These three strategies help contextualize how businesses aim to obtain profits in their respective marketplaces; they also help businesses understand how they can seek new opportunities for advantage. Porter originally emphasized that a company should target only one of the strategies in the framework or risk paying a “straddling penalty” (a la the doomed airline offshoot Continental Lite). Porter later softened his stance in this regard recognizing the benefits of a hybrid approach in some cases.

Cost Leadership Strategy:

This post focuses on cost leadership because it’s the strategy that relates tangentially to IT and the concept of globalization. As IT workers are aware, the forces of globalization have no mercy in their enablement of companies to offshore work in an attempt to lower costs. This outsourcing of IT work to offshore firms is happening at organizations such as Disney, the University of California and [Insert Any Bank Name Here]. Obviously not all technology related offshoring is done in order to focus on a cost leadership strategy but the activity’s initial intent is to lower a firm’s IT cost structure (refer to my post on how IT has to do a better job communicating its value).

Returning to the main point, the cost leadership strategy is employed when a company aims to be the lowest cost producer in the market. Strategic managers in the organization make a concerted effort to lower business costs in order to achieve a competitive advantage. A lower cost structure enables a business to reap higher than average profitability.

Businesses attempting to implement this strategy may aim to increase inventory turnover, lower their wage expenses and/or manufacturing costs, gain bargaining power over suppliers, develop distinctive competencies in logistics, develop low cost distribution channels or any combination thereof. As an aside, I could prattle on ad-nauseam about Wal-Mart and how its technological capabilities provided the organization significant advantages (and I have here: Part 1, Part 2 and Part 3).

Advantages:

When the cost leader and another company decide to compete in the same price range for the same customers, the cost leader will have the inherent advantage because it will reap higher profits due to its lower cost structure. The cost leader will be able to weather the “price war” due to its lower cost structure advantage.

“The cost leader chooses a low to moderate level of product differentiation relative to its competitors. Differentiation is expensive; the more a company expends resources to make its products distinct, the more its costs rise. The cost leader aims for a level of differentiation obtainable at a low cost. Wal-Mart, for example does not spend hundreds of millions of dollars on store design to create an attractive shopping experience as chains like Macy’s, Dillard’s, or Saks Fifth Avenue have done.” [1]

The cost leader also positions its products to appeal to the “average customer”. The aim is to provide the least number of products desired by the highest number of customers. Although customers may not find exactly what they are seeking, they are attracted to the lower prices [1].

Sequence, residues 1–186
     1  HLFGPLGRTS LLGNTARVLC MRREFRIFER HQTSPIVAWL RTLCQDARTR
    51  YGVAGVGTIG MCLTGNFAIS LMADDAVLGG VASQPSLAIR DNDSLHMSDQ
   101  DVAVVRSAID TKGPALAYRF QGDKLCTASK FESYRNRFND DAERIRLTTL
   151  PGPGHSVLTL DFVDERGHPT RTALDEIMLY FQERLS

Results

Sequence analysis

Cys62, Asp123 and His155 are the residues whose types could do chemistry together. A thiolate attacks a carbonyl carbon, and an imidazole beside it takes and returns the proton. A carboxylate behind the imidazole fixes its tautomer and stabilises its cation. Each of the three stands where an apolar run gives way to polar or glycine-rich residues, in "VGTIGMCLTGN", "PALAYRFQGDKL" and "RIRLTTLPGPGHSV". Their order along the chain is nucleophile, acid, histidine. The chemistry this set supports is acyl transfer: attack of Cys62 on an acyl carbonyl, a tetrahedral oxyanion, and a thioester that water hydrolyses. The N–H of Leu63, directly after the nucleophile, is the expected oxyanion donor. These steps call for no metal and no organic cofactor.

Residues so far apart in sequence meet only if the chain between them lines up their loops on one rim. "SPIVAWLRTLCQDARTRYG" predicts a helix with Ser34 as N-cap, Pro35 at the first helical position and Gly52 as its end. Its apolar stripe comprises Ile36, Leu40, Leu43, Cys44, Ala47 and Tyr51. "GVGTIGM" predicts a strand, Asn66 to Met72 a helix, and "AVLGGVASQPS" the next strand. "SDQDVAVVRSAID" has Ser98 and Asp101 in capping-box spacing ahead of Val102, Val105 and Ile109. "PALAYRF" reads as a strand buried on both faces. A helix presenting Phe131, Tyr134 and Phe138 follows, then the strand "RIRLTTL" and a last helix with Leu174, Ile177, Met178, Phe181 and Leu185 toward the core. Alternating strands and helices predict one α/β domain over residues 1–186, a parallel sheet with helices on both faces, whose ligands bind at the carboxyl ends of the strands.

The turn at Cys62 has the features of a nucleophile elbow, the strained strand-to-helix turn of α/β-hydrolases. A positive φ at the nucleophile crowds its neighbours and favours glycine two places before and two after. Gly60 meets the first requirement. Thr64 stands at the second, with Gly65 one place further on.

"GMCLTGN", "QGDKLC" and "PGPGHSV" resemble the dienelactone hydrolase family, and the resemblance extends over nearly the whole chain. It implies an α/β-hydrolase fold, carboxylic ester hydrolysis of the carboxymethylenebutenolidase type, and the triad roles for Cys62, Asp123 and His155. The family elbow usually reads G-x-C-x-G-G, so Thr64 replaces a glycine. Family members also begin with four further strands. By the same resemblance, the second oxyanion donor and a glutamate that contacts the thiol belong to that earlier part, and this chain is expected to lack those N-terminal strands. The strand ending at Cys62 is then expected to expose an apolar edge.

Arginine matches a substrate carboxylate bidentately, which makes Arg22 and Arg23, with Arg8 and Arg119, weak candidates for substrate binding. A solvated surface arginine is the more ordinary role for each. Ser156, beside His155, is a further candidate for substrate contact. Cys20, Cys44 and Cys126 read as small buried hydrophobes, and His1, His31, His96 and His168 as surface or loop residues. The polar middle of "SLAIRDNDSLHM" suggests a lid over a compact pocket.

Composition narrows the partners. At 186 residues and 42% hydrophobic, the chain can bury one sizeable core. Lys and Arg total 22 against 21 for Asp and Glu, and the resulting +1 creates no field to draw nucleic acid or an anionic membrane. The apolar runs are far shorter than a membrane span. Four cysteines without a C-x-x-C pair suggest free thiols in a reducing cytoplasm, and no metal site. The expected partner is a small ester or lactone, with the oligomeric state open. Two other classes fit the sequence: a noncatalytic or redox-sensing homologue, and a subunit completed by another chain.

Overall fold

Disadvantages:

Since the strategy involves providing the lowest costs, companies must strive for a large market share when employing this strategy. The cost leadership strategy has been linked to lower customer brand loyalty which in turn means that customers can be swayed by lower priced substitutes from other competitors.

Additionally, as technological change enters the marketplace, new competitors can attack cost leaders through innovation thus nullifying the cost leader’s accumulated advantages. For example, Amazon has accumulated substantial knowledge and proficiencies in the online e-tail space and has placed Wal-Mart on the defensive in this arena as Wal-Mart’s expertise is tailored to its brick and mortar assets.

Or as foretold in Porter-speak back in his 1996 HBR article “What is Strategy”,

“A company may have to change its strategy if there are major structural changes in its industry. In fact, new strategic positions often arise because of industry changes and new entrants unencumbered by history often can exploit them more easily.” [2]

References:

[1] Hill, Charles. W. L., & Jones, Gareth. R. (2007). Strategic Management Theory. Houghton Mifflin Company

[2] Porter, M. E. “What Is Strategy?” Harvard Business Review 74, no. 6 (November–December 1996): 61–78.

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Diagram Image By Denis Fadeev – Own work, CC BY-SA 3.0, https://commons.wikimedia.org/w/index.php?curid=32434551

Andy Grove and Intel’s Move From Memory to Microprocessors

A titan of the technology industry recently passed away on March 21,2016. Andy Grove was instrumental in taking a commodity product such as the microchip and making it a branded must have hardware feature. “Intel Inside” and “Pentium” were on the minds of the majority of PC consumers during the 1990’s. As the beneficiary of Andy Grove’s leadership, Intel was able to sustain high profitability and sustainable profit growth. With the help of a Redmond based operating systems company, the “Wintel” standard won the format wars against Apple and IBM’s OS/2. Regarding Andy Grove and his Intel tenure, the Economist reported, “Under his leadership it increased annual revenues from $1.9 billion to more than $26 billion and made millionaires of hundreds of employees.”

For all of Andy Grove’s successes in the semiconductor market, it was not a forgone conclusion that Intel would ever make the leap into this industry. Most people of my generation who grew up in the 80’s and 90’s are not familiar with the fact that at the time of Intel’s founding, the company primarily produced replacement computer memories for mainframes. Intel first and foremost was founded as a memory company.